Surround yourself with people that are supportive of you and share your plan with them; avoid contact with the people that are making it worse. Again, the book and audio will guide you through this process. Maybe you want to start a private club with some of your boarders that may be struggling themselves with this issue and work through it together; I bet you’ll have more members in your club than you would think.
Another thought I had when reading your email was that this horse is not really what you need to be riding right now. A Thoroughbred is a tough ride for any one; they are volatile and emotional animals, which is totally exacerbated with a fearful rider. Think about it, we have been breeding these horses for centuries to run fast and have a strong flight response; spookiness comes with the territory. Because horses are herd animals and prey animals, they are programmed to take on the emotions of the other horses in the herd. If you become frightened, the horse easily recognizes it, because a huge part of your body is connected to him; it is natural for him to become frightened too. Thus you have the snowball effect.
I am not suggesting that you get rid of the horse, but I do think it would do you a world of good to ride a more reliable horse for as long as it takes to rebuild your confidence. Spend some time riding a reliable horse so that you can remind yourself that you are a competent rider and perfectly capable of handling whatever your horse can dish out. Find a way to get some hours in on a solid mount on which you can rebuild your confidence and remind yourself that you actually love to ride. Consider taking some Dressage or Reining lessons on a finished horse and learn some new theory while you build confidence. The horse is a critical part of the equation. You must ride a horse that builds your confidence, not zaps it.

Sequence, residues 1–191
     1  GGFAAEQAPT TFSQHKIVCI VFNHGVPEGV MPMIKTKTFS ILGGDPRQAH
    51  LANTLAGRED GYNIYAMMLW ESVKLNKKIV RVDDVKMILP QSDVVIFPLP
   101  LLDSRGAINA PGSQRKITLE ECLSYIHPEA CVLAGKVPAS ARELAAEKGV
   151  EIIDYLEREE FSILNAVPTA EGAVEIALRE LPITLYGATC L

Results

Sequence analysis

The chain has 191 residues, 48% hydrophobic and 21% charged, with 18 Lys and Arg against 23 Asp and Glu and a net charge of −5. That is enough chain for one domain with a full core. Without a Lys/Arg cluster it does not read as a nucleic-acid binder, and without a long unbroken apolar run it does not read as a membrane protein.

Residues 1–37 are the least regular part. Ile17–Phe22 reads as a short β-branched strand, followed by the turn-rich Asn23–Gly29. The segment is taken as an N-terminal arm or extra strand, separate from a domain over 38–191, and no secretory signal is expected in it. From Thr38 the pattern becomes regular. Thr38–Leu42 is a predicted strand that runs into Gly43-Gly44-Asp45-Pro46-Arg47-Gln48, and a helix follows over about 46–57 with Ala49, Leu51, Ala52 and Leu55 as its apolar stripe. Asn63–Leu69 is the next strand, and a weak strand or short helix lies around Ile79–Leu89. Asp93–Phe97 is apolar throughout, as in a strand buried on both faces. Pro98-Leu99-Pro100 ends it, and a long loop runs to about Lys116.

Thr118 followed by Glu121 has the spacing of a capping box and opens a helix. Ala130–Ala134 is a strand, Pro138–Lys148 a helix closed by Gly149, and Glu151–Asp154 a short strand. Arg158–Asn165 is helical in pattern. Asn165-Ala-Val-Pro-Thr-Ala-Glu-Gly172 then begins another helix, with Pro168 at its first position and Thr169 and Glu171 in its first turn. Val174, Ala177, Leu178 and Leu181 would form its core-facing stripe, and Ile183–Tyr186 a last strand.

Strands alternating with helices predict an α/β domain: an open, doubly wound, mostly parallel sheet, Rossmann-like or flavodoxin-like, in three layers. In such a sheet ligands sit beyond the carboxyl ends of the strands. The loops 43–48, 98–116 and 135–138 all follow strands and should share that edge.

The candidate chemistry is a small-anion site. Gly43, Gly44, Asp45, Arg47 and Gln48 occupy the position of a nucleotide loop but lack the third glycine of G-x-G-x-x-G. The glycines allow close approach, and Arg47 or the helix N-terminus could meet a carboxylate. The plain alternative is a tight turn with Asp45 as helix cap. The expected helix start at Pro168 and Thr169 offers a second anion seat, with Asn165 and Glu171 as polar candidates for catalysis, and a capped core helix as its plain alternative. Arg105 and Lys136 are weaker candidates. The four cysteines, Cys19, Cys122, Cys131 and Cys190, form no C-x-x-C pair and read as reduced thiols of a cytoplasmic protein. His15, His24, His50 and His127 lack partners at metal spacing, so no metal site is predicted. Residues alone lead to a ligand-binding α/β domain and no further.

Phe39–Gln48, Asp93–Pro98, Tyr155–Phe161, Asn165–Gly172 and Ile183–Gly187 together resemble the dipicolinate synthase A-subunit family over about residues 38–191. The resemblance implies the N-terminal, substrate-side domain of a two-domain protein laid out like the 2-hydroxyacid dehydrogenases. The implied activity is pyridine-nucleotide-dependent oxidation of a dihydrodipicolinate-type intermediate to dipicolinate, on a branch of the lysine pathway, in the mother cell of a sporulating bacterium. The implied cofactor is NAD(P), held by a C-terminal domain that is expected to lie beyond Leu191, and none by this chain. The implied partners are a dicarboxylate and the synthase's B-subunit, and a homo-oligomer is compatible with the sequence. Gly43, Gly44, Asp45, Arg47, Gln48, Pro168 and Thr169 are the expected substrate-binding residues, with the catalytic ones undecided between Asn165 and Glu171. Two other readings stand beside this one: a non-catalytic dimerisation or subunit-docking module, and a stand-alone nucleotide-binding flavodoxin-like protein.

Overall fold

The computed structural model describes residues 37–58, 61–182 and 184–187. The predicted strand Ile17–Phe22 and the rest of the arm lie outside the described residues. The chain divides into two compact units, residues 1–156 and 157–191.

And speaking of the horse, there are some positive steps you can take to resolve the spooking issue with your horse. If you make a commitment to his training, you can teach him not to spook or to spook in place. There are a few Q&As on my website on despooking that will help you think through the process and you may want to be on the lookout for despooking clinics (you can always go without a horse and audit and still learn plenty, sometimes more than you would with a horse).

Like with any bomb-proofing process for horses, you always start on the ground. Hopefully this will make it a little easier for you to keep your confidence up. Study my articles and develop a training plan and devote a few minutes everyday to despook your horse from the ground. You’ll teach him to face his fear and then to have the courage to actually approach and even touch the frightening item. You can make a game out of this until your horse is eagerly facing and approaching, since he is rewarded for being a brave horse.

As his confidence builds so will yours. Eventually you can take the same training plan to the saddle and go through the same process with you on his back. Making a plan, taking action and putting your mind and energy into training your horse are actions that will not only help your horse, but build your confidence too. Having a plan of action also keeps your mind from becoming polluted with thoughts of fear. There is more on controlling the thoughts in your mind in the book and audio. There is a lot of action you can take to resolve this issue. Now it is up to you to “get off the pot.” Please let me know how it goes. Good luck and keep the faith. You CAN do this.

Julie Goodnight, Clinician and Trainer

Copyright ©Julie Goodnight 2000. All Rights Reserved. No part of this website may be reproduced without owner’s express consent.